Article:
A while ago my computer started playing up. It froze on certain programmes and despite my best efforts, it refused to open and allow me access. What a frustration! It almost felt as if I was dealing with a stubborn child who, without good reason, had withdrawn, shut himself off and become totally unresponsive.
Being no more than semi-computer literate, I followed the regular pattern of my generation: I called in my son – who was not particularly patient with his dad. After running through all the standard procedures to get the computer started he eventually also gave up. His final verdict was: “Your computer is full of junk, dad. It has seized. It is overloaded. You need to organise and manage your programmes better”.
Next step was off to the dealer who confirmed the problem. In fact, according to him my hard drive had given in and I was in danger of losing all my vital information. What a shock, what anxiety at the prospect of losing years’ worth of precious work: sermons, talks, letters, courses, poems, prayers and promises … the whole anthology of creative effort that I had collected, produced, stored quite diligently over many years - all gone in a moment!
I was obliged to consider my son’s opinion on the state of my hard drive. And, drawing comparisons in my usual way, it had to cross my mind that there is a parallel between the human mind, our own psyche in fact, and these modern information systems. Even if not in the same mechanical way, our mental awareness is vulnerable to becoming disorganised, cluttered and overloaded, sometimes to a point where it can also freeze, pack up, call it a day. With increasing demands and pressures, the exhausting claims and responsibilities of modern society, it is no surprise that many suffer from burnout, depression and anxiety.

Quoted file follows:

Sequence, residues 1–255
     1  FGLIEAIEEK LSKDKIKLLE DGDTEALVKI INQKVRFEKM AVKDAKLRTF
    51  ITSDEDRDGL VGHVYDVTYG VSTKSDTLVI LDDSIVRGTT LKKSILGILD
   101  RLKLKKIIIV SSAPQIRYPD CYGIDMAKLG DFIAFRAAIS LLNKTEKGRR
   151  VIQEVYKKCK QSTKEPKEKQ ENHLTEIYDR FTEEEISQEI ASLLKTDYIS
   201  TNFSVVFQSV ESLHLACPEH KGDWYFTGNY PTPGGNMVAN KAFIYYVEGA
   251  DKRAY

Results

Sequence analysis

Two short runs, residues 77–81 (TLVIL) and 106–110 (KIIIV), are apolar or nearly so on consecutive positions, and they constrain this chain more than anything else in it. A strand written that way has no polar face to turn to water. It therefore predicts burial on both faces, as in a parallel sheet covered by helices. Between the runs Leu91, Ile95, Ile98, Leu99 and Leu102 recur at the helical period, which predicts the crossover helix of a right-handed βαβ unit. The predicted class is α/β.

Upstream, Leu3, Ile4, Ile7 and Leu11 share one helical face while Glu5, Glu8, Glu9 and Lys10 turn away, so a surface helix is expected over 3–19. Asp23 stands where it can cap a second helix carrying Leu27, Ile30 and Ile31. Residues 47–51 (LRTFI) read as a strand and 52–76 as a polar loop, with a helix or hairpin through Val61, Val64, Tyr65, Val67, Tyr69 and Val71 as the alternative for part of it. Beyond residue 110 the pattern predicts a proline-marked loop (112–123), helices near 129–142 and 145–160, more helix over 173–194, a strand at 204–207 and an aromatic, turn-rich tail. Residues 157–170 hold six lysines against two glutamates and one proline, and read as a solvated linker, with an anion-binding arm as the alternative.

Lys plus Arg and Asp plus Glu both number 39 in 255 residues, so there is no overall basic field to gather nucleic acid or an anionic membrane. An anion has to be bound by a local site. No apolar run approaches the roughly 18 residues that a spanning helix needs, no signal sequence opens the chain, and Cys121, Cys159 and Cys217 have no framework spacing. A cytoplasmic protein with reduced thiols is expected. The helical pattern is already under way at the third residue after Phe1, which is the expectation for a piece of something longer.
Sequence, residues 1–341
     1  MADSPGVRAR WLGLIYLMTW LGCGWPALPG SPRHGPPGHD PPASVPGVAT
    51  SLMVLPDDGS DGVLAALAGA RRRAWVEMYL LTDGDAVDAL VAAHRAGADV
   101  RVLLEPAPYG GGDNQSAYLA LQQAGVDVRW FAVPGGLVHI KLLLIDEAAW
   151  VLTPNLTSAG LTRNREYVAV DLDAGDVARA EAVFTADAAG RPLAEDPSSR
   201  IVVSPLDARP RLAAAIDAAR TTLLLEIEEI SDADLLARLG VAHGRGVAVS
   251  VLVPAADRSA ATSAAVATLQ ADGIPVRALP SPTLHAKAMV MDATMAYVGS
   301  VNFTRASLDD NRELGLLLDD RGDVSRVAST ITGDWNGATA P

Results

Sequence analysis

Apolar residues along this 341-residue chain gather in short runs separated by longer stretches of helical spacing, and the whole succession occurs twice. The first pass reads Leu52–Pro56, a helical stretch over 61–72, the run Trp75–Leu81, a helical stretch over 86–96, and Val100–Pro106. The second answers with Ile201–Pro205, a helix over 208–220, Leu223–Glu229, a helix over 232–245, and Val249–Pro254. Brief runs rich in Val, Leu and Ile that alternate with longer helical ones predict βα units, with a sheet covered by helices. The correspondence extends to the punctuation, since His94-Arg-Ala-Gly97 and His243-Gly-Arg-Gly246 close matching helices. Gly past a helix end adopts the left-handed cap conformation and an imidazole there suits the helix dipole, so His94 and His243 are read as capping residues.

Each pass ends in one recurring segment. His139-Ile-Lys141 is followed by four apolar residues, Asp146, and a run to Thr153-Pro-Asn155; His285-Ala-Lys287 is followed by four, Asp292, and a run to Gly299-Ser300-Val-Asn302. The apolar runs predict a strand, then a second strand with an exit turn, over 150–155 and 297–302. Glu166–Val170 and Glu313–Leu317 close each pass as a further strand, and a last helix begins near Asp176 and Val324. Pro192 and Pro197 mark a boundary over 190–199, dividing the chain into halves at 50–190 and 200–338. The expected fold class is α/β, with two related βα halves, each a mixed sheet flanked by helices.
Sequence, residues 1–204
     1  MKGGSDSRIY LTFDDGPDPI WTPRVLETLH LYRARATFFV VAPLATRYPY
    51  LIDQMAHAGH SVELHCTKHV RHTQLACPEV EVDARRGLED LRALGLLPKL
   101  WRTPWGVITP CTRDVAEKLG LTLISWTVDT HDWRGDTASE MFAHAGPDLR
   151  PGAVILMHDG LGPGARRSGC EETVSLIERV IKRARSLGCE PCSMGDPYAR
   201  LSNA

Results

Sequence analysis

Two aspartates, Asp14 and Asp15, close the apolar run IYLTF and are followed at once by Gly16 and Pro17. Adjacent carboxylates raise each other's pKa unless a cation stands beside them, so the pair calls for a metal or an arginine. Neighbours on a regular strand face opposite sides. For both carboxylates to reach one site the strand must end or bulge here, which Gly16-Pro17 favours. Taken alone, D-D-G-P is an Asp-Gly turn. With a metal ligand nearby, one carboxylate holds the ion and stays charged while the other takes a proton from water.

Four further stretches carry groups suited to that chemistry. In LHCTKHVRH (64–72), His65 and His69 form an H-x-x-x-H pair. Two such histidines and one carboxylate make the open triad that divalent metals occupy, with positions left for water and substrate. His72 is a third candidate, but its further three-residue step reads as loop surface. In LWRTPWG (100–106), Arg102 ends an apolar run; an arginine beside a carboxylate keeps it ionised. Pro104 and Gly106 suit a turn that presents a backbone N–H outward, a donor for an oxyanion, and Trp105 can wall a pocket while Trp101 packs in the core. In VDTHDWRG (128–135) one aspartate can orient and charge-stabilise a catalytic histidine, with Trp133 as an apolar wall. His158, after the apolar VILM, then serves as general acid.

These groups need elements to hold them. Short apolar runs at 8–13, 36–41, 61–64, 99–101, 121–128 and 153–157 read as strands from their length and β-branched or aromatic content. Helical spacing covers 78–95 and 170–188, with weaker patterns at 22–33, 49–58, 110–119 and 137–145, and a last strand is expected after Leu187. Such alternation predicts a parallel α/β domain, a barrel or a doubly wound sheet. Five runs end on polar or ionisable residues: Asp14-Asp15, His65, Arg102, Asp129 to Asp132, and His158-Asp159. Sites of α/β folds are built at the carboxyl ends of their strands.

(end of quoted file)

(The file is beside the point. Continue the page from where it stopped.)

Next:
As with my computer, banal as the comparison may be, many people today reach a point where everything has just become too much – and so they start to seize, becoming passive and negative. Eventually they lose their energy and perspective, they give up on life, shut down. This often starts with feelings of exhaustion and anxiety, a marked sense of irritation. These are the vital signs, the warning lights that our system has become overloaded, that it is in danger of giving in and shutting down.
It is not always easy to regain your calm and restore a healthy perspective once you have become trapped in this deadly cycle of ongoing work and pressure. One needs to stop and take stock; remember what is of real value, focus on those things that we know are reliable. Being concerned, distracted by many things is not a new or modern problem. In Matt 6:33-34, Jesus urges his followers to turn their attention to the one thing that really matters and will make a difference – “Set your mind on God’s kingdom and his justice before anything else, and all the rest will come to you as well. So do not be anxious about tomorrow, tomorrow will look after itself”.
Is this not also what Martha, overstressed by so many duties and obligations, had to learn.
“Martha, Martha you are fretting and fussing about so many things; but one thing is necessary” (Lk 11:41).
“Die Via Dolorosa” – ‘n Paasherinneringsdiens
13 years ago